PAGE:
California Stepparent Adoption: Who Qualifies as a Stepparent?
A stepparent adoption occurs when the spouse of a child’s custodial parent adopts the child. If you are a stepparent in California and you are interested in adopting your stepchild, you should consider the basic requirements that must be met according to California state law and then consult an experienced family law attorney.
Who Qualifies as a Stepparent for Stepparent Adoption in California?
To qualify the custodial parent and stepparent must be married at least one year before the adoption. It is relatively common for a stepparent and stepchild to develop a strong bond. In some instances, the relationship with the stepparent may grow stronger than the relationship the child has with their noncustodial parent. In this case, many consider stepparent adoption. When parents decide on stepparent adoption, the stepparent (custodial/biological parent’s spouse) becomes the child’s parent. The noncustodial biological parent loses all rights and ongoing responsibilities for the child. These rights and obligations transfer to the stepparent.
Do You Know the Basic Requirements for a Stepparent Adoption?
Marriage or Domestic Partnership: The custodial/biological parent and the stepparent hoping to adopt must be legally married or in a domestic partnership. If this is not the case, the custodial parent and stepparent would need to pursue adoption through a different, more complicated process, “second-parent adoption.”
Age of Adopting Parent: The stepparent wishing to adopt must be 18 years old or older and at least ten years older than the child they want to adopt. In some circumstances, the court may waive the latter limitation.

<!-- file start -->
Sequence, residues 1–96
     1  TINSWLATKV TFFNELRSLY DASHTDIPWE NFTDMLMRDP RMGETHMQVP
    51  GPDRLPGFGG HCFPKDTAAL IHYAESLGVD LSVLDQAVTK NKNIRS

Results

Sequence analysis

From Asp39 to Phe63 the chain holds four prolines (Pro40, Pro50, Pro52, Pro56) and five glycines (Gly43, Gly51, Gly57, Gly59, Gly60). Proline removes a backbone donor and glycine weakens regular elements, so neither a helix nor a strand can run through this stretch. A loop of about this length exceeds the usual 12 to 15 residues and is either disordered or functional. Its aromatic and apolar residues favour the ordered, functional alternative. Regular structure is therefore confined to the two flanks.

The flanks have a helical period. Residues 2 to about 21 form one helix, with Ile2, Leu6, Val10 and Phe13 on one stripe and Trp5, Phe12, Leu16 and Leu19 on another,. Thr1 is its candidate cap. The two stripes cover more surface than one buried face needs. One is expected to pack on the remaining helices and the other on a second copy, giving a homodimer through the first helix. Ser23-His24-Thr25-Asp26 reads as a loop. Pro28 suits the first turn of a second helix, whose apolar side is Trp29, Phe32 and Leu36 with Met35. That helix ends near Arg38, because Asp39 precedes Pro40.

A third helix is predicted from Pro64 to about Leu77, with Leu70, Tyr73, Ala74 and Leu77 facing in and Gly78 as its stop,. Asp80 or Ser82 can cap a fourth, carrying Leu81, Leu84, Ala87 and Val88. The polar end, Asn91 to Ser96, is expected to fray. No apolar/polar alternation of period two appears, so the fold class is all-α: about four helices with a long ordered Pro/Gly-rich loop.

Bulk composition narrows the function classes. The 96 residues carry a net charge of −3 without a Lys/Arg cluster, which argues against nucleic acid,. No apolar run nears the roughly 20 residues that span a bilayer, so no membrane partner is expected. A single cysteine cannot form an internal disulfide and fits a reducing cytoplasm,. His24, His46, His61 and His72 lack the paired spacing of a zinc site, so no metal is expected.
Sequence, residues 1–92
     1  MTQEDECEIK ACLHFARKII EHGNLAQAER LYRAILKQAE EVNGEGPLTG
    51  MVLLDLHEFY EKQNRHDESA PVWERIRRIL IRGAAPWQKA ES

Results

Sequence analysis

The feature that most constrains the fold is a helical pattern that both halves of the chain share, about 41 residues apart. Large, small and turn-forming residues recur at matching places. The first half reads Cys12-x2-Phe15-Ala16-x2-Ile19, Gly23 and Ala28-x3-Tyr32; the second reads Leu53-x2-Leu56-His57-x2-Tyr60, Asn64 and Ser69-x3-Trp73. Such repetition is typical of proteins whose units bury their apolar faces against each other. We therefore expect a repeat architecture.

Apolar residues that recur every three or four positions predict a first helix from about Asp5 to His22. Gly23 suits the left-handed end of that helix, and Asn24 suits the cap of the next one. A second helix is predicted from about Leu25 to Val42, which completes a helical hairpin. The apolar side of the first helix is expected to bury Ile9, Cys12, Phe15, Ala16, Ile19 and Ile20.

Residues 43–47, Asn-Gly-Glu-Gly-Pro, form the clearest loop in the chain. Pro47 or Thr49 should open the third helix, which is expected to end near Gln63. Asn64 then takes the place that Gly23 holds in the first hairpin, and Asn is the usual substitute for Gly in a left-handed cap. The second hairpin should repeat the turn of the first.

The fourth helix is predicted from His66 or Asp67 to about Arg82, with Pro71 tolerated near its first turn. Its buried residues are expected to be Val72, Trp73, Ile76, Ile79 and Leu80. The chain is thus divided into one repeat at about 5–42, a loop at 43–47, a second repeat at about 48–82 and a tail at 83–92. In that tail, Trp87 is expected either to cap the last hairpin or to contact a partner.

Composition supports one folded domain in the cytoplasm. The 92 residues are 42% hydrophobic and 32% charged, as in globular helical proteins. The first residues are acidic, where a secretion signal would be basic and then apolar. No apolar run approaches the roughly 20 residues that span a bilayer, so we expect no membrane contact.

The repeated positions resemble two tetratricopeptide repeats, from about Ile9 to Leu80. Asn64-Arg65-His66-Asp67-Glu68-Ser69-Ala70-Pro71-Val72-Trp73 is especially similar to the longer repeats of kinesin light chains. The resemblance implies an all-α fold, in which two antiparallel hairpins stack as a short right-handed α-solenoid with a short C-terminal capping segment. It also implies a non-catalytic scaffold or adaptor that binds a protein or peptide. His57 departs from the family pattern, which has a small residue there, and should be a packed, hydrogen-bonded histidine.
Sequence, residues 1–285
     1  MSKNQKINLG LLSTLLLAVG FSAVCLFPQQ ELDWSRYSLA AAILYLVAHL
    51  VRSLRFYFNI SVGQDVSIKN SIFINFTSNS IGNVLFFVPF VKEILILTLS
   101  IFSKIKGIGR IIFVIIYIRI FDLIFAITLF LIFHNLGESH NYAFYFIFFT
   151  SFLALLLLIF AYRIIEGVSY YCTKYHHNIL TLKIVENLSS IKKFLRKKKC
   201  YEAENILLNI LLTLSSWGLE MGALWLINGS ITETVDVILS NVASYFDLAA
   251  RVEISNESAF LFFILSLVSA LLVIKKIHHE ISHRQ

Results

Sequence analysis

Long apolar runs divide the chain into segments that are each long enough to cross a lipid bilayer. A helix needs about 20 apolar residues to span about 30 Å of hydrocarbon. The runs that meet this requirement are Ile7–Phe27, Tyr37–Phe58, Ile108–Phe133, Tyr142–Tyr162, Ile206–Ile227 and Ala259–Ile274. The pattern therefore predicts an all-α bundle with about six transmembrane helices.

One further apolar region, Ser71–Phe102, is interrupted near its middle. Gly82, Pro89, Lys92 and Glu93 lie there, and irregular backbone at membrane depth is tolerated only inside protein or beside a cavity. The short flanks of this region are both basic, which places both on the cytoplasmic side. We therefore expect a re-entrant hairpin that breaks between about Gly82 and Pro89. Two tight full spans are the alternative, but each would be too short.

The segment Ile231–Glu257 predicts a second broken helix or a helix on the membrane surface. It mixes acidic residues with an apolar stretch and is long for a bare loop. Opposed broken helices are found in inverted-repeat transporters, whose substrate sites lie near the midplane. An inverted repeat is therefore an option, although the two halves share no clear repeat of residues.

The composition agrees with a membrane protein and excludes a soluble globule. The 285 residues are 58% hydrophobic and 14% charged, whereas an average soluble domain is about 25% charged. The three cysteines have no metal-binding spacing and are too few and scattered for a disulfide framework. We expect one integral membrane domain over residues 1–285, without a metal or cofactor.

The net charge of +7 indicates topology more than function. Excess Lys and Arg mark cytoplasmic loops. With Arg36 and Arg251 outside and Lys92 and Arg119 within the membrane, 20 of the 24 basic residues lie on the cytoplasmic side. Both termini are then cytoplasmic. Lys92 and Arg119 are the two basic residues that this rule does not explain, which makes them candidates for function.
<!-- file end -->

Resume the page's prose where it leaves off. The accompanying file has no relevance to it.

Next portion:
Consent of Custodial Parent/Spouse: The biological parent and spouse of the adopting stepparent must consent to the adoption.
Consent of Other Biological Parent: The child’s other biological parent must also consent to the adoption. In some cases, the stepparent adoption may continue without the other parent’s consent, but since it will not be an “Uncontested Adoption,” the procedure will change. Depending on the circumstances, the process may include Willful Failure, Abandonment, Termination of Alleged Parental Rights, etc.
Child’s Consent: If the child is 12 years old or older, the child’s consent is required for the stepparent adoption to proceed.
When seeking a stepparent adoption in California, there are several required legal documents, submission of official records, an investigation, and a court hearing. California stepparents interested in adopting their stepchild should work with an experienced family law attorney. Get in touch with The Maggio Law Firm today.
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